A former executive chef for a Montgomery County restaurant has sued his ex-employers
after they failed to provide him accommodations under the Americans with Disabilities Act and fired him after making the request, according to a suit filed in the U.S. District Court for the Eastern District of Pennsylvania.
Fabio Caparra, of Drexel Hill, Pa., seeks declaratory judgments that Maggiano's actions violated the ADA, the Family and Medical Leave Act and the Pennsylvania Human Relations Act, plus compensatory damages for lost back pay and future wages and punitive damages.
According to the complaint, Caparra began working for the restaurant in 2004 as a sous chef, working his way up to executive chef in 2010, one of the highest-level management positions at the King of Prussia branch of the national Italian restaurant chain. The claim says Caparra enjoyed strong job performance reviews throughout his employment and even created recipes added to the national menus by the Texas-based company.
In October 2012, Caparra began to experience extreme back pain. A visit to the doctor revealed he had an acute spinal stenosis, a condition in which the spaces within the spine narrow, placing more pressure on the spinal cord. The diagnosis limited Caparra's ability to stand and walk for prolonged periods.
The suit says Caparra's doctor recommended surgery to treat the condition, but the plaintiff postponed the treatment until the busy holiday season ended, out of concern for the restaurant's needs.
Caparra informed his employers in November 2012 that he would undergo surgery in January, requiring the use of FMLA leave until he finished his recovery. His surgery was performed on Jan. 21, 2013, and his scheduled return date was set for March 27, the complaint says.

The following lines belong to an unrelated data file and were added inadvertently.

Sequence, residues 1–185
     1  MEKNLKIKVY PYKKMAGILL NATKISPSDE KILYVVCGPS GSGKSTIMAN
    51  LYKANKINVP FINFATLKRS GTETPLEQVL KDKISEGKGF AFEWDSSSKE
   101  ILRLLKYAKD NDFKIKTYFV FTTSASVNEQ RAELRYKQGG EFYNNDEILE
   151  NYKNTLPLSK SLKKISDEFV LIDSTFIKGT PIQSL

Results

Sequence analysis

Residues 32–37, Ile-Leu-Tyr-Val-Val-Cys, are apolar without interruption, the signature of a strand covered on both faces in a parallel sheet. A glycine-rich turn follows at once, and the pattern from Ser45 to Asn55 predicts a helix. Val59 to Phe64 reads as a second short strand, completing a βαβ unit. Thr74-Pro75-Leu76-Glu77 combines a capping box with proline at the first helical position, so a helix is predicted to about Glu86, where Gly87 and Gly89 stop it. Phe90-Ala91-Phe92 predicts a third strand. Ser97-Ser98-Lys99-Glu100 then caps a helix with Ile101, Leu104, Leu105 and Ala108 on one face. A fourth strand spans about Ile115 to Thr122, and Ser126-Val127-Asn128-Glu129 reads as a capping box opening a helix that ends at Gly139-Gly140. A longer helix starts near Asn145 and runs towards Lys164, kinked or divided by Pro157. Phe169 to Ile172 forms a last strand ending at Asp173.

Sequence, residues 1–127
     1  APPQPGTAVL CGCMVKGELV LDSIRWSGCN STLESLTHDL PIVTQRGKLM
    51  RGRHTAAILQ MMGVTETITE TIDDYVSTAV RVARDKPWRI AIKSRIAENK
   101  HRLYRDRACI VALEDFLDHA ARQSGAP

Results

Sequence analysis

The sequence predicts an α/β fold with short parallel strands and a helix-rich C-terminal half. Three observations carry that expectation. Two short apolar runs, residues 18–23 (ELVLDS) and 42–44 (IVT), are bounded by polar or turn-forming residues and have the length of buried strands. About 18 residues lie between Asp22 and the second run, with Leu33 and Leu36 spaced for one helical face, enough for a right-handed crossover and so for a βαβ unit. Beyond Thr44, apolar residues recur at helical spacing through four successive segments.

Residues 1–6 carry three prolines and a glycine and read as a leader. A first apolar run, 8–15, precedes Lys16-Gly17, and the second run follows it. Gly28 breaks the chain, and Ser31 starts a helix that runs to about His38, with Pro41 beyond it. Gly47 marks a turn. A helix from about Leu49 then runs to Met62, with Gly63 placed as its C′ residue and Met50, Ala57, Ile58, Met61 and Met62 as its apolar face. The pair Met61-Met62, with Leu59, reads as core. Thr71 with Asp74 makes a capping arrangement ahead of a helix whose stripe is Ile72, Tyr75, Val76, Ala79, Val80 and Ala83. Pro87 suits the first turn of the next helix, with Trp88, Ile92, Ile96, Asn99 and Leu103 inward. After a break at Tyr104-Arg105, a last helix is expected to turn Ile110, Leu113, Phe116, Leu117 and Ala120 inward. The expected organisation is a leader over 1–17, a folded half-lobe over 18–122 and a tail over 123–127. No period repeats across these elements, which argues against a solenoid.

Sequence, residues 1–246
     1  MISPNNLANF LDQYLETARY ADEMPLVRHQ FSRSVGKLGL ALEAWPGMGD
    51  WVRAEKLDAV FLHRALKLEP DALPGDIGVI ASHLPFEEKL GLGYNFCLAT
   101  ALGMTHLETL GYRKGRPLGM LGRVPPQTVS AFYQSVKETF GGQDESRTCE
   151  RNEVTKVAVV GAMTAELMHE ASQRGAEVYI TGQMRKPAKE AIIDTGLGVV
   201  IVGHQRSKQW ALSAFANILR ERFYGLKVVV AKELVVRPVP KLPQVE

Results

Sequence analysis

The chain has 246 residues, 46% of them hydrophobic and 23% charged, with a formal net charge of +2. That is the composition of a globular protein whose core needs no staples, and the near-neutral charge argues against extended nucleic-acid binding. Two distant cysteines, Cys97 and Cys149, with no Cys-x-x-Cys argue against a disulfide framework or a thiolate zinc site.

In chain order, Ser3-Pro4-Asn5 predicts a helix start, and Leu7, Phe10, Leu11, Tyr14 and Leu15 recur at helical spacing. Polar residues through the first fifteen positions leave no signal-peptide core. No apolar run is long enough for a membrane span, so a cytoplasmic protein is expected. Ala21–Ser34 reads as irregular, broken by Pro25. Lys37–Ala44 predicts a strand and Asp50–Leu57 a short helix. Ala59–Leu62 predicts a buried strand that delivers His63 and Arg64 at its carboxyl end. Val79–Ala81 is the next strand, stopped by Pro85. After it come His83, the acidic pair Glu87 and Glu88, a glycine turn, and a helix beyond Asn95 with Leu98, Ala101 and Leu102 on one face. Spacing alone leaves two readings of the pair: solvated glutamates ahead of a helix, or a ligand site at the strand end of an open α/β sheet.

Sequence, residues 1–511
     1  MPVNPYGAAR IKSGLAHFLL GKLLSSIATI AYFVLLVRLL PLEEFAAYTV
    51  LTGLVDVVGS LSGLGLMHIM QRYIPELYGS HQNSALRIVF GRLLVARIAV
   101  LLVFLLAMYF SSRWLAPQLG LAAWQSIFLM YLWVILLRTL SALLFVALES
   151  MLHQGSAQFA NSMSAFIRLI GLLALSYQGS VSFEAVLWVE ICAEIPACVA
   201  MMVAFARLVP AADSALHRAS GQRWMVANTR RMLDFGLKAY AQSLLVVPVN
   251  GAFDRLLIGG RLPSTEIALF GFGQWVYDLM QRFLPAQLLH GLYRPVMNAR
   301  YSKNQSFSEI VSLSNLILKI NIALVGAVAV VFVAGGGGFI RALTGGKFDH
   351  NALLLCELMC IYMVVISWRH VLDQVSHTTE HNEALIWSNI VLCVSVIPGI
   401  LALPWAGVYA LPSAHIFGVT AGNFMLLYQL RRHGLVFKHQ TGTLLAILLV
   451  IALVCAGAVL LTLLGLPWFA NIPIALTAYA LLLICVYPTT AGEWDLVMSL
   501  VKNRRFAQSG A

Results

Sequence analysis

His regional manager called Caparra into the restaurant on Feb. 21, 2013, and asked him questions about his surgery and which medications he took for his recovery. The conversation soon turned to matters at the restaurant, and Caparra was asked about issues such as the number of raviolis he served customers.
On Feb. 27, Caparra received a doctor's note that would allow him to return to work at an earlier date, but with some accommodations. For the first week of his return, Caparra could only work three days. During the following six weeks, his shift should be limited to five hours, and he should not perform any twisting, lifting or bending for 12 weeks.
The plaintiff submitted the paperwork the next day, and later that afternoon was told he was no longer part of the management team and was terminated from his position. According to the complaint, when Caparra asked for a reason, his manager only said, "Good luck to you."
He was later informed that his termination was a result of misconduct or behavior deemed detrimental to the company, but Caparra never received the basis for the claims. The complaint says he had never received any disciplinary warnings during his employment and alleges that the termination was in retaliation for exercising his FMLA rights.
Caparra is represented by attorneys from Console Law Offices in Philadelphia.
The federal case ID is 2:14-cv-05722-CDJ.